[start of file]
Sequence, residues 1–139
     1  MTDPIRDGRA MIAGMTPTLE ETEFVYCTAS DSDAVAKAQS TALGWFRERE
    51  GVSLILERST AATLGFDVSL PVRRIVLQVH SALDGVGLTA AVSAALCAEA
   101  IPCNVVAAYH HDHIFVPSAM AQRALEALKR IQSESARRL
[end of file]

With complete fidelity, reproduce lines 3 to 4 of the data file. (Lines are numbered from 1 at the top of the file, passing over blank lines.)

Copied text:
    51  GVSLILERST AATLGFDVSL PVRRIVLQVH SALDGVGLTA AVSAALCAEA
   101  IPCNVVAAYH HDHIFVPSAM AQRALEALKR IQSESARRL